>> Can anyone explain it?

    >
    > Python 3's str() is what was Python 2's unicode().
    > Python 2's str() turned into Python 3's bytes().
    >
    > Python 3's print() now takes a unicode string, which is the regular string.
    >
    > Because of the switch to unicode str, a simple print('晉') should've
    > worked flawlessly if your terminal can accept the character, but the
    > problem is your terminal does not.
    >
    > The correct fix is to fix your terminal's encoding.
    >
    > In Windows, due to the prompt's poor support for Unicode, the only real
    > solution is to switch to a better terminal.


    A bit off-topic perhaps, but that last is a misconception. Windows' [cmd.exe]
    does have poor support for UTF-8, in short it Does Not Work in Windows XP, and
    probably does not work in Vista or Windows7 either. However, Windows console
    windows have full support for the Basic Multilingual Plane of Unicode: they're
    pure Unicode beasts.

    Thus, the problem is an interaction between two systems that Do Not Work: the
    [cmd.exe] program's practically non-existing support for UTF-8 (codepage 65001),
    and the very unfortunate confusion of stream i/o and interactive i/o in *nix,
    which has ended up as a "feature" (it's more like a design bug) in a lot of
    programming languages stemming from *nix origins, and that includes Python.

    Windows' "terminal", its console window support, is INNOCENT... :)

    In Windows, as opposed to *nix, interactive character i/o is separated at the
    API level. There is integration with stream i/o, but the interactive i/o can be
    accessed separately. This is the "console function" API.

    So for interactive console i/o one solution could be some Python module for
    interactive console i/o, on Windows internally using the Windows console
    function API, which is fully Unicode (based on UCS-2, i.e. the BMP).

    Cheers,

    - Alf


    > Another workaround is to use a real file:
    >
    > import sys
    > f = open('afile.html', 'w', encoding='utf-8')
    > print("晉", file=f)
    > sys.stdout = f
    > print("晉")
    >
    > or slightly better is to rewrap the buffer with io.TextIOWrapper:
    > import sys, io
    > sys.stdout = io.TextIOWrapper(sys.stdout.buffer, encoding="utf-8")
    > print("晉")
    Alf P. Steinbach, Dec 5, 2009
    #18
  19. Gnarlodious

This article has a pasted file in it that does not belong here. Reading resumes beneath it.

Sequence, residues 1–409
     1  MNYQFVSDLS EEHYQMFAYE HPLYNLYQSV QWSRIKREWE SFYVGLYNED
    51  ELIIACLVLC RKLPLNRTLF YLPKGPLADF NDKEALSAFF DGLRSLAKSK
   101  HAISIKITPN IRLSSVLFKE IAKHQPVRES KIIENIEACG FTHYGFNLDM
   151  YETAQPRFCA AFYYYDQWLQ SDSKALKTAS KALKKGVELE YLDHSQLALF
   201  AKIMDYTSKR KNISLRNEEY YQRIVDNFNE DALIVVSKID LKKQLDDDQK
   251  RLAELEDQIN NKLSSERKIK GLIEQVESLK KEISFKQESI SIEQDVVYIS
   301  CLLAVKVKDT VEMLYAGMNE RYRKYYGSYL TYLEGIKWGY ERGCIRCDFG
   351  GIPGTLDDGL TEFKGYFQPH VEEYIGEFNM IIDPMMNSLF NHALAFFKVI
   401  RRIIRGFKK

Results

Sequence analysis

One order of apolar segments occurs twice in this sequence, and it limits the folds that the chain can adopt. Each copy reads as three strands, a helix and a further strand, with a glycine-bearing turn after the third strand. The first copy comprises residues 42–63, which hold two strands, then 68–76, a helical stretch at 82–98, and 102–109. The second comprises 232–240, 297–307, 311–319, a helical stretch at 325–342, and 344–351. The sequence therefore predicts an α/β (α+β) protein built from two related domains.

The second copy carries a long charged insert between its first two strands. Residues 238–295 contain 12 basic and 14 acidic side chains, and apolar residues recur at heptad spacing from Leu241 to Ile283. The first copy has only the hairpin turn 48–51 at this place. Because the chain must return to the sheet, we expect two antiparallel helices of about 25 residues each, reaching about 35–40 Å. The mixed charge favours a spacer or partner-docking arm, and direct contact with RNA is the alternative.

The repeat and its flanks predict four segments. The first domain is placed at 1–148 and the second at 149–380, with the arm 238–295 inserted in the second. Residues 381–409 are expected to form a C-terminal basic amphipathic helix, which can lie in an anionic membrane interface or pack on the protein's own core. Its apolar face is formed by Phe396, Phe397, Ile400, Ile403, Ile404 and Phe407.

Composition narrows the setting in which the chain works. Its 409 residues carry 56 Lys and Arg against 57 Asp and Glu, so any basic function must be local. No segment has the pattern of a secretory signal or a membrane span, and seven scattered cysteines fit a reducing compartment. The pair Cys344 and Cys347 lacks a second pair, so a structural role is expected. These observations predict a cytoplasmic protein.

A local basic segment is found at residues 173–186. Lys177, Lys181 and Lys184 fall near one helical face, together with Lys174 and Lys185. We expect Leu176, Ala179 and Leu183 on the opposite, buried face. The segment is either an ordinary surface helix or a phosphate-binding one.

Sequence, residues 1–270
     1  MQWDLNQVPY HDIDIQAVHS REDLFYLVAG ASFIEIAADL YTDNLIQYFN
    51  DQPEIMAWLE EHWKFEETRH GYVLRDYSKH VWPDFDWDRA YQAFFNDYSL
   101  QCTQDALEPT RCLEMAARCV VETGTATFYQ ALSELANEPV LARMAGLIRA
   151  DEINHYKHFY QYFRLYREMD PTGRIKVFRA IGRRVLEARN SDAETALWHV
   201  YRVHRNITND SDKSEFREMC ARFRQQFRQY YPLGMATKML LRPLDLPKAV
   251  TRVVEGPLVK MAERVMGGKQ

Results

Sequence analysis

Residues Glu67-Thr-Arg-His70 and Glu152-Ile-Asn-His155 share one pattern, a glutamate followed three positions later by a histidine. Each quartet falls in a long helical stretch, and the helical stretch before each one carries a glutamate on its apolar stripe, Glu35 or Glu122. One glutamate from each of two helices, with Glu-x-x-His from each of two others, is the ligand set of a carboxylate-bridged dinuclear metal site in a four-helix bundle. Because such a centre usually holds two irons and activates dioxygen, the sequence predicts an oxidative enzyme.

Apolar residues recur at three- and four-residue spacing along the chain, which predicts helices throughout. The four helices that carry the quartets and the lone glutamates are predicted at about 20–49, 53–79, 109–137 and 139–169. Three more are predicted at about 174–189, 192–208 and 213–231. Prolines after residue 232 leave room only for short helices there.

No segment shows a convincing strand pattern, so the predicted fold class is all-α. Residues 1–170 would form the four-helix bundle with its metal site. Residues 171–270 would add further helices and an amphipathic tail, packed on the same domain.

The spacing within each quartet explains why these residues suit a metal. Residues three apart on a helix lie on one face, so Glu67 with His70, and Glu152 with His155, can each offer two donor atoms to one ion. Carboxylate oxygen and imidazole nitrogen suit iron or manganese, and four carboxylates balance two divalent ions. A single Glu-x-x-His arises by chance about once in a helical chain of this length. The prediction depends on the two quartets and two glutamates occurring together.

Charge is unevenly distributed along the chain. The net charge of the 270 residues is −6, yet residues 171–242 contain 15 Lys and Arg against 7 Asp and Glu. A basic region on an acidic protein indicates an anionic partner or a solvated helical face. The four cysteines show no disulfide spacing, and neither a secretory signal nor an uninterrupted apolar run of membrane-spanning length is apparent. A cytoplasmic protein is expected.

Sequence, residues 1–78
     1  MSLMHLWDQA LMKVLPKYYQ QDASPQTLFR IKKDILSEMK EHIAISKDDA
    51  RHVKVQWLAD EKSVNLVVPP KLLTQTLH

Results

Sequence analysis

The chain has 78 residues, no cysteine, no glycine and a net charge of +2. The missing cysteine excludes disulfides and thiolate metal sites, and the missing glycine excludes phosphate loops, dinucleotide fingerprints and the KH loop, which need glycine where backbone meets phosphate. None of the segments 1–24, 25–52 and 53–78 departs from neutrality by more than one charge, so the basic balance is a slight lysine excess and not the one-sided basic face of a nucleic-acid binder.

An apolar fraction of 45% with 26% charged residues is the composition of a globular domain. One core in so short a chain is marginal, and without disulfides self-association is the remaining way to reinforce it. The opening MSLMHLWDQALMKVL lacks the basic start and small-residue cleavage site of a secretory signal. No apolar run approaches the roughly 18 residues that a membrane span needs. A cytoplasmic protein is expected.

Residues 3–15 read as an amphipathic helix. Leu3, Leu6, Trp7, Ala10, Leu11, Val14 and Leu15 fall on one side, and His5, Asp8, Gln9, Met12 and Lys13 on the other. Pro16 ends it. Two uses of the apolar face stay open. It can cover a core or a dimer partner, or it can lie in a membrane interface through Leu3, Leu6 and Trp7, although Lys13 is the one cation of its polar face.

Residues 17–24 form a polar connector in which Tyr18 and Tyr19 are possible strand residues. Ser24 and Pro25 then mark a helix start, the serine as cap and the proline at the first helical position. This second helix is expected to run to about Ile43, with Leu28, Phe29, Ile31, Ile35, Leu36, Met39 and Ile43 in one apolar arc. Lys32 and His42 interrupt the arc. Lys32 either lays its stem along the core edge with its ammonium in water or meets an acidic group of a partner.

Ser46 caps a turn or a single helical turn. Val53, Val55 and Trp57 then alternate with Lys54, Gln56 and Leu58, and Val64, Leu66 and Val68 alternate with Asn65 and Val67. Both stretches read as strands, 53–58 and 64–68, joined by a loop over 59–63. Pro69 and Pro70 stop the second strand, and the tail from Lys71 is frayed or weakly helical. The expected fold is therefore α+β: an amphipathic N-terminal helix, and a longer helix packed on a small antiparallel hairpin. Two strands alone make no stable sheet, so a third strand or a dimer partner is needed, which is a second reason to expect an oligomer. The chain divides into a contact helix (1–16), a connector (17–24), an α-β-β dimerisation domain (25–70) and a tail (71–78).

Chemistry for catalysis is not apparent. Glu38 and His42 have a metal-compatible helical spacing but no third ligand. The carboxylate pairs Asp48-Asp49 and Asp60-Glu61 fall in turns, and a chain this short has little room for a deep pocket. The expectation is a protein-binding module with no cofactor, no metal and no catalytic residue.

Gnarlodious Guest

    On Dec 5, 3:54 am, Lie Ryan wrote:

    > Because of the switch to unicode str, a simple print('晉') should've
    > worked flawlessly if your terminal can accept the character, but the
    > problem is your terminal does not.


    There is nothing wrong with Terminal, Mac OSX supports Unicode from
    one end to the other.
    The problem is that your code works normally in Terminal but not in a
    browser.

    #!/usr/bin/python
    import sys, io
    print("Content-type:text/plain;charset=utf-8\n\n")
    sys.stdout = io.TextIOWrapper(sys.stdout.buffer, encoding="utf-8")
    print("晉")

    The browser shows "Server error", Apache 2 reports error:

    [error] [client 127.0.0.1] malformed header from script. Bad header=
    \xe6\x99\x89: test.py

    So far every way to print Unicode to a browser looks very un-Pythonic.
    I am just wondering if I have a bug or am missing the right way
    entirely.

    -- Gnarlie
    Gnarlodious, Dec 6, 2009
    #19
  20. Gnarlodious

    Lie Ryan Guest

    On 12/6/2009 12:56 PM, Gnarlodious wrote:
    > On Dec 5, 3:54 am, Lie Ryan wrote:
    >
    >> Because of the switch to unicode str, a simple print('晉') should've
    >> worked flawlessly if your terminal can accept the character, but the
    >> problem is your terminal does not.

    >
    > There is nothing wrong with Terminal, Mac OSX supports Unicode from
    > one end to the other.
    > The problem is that your code works normally in Terminal but not in a
    > browser.
    >
    > #!/usr/bin/python
    > import sys, io
    > print("Content-type:text/plain;charset=utf-8\n\n")
    > sys.stdout = io.TextIOWrapper(sys.stdout.buffer, encoding="utf-8")
    > print("晉")
    >
    > The browser shows "Server error", Apache 2 reports error:
    >
    > [error] [client 127.0.0.1] malformed header from script. Bad header=
    > \xe6\x99\x89: test.py


    I've already posted before for some reason it is not possible to mix
    writing using print() and sys.stdout.buffer. On my machine, the output
    got mixed up:

    --------------------------
    晉
    Content-type:text/plain;charset=utf-8
    <BLANKLINE>
    <BLANKLINE>
    --------------------------

    notice that the chinese character is on top of the header. I guess this
    is due to the buffering from print.

    > So far every way to print Unicode to a browser looks very un-Pythonic.
    > I am just wondering if I have a bug or am missing the right way
    > entirely.


    My *guess* is Apache does not request a utf-8 stdout. When run on the
    Terminal, the Terminal requested utf-8 stdout from python and the script
    runs correctly. I'm not too familiar with Apache's internal nor how
    python 3 figured its stdout's encoding, you might want to find Apache's
    mailing list if they have any similar case.

    PS: You might also want to look at this:
    http://stackoverflow.com/questions/984014/python-3-is-using-sys-stdout-buffer-write-good-style

    it says to try setting your PYTHONIOENCODING environment variable to "utf8"
    Lie Ryan, Dec 6, 2009
    #20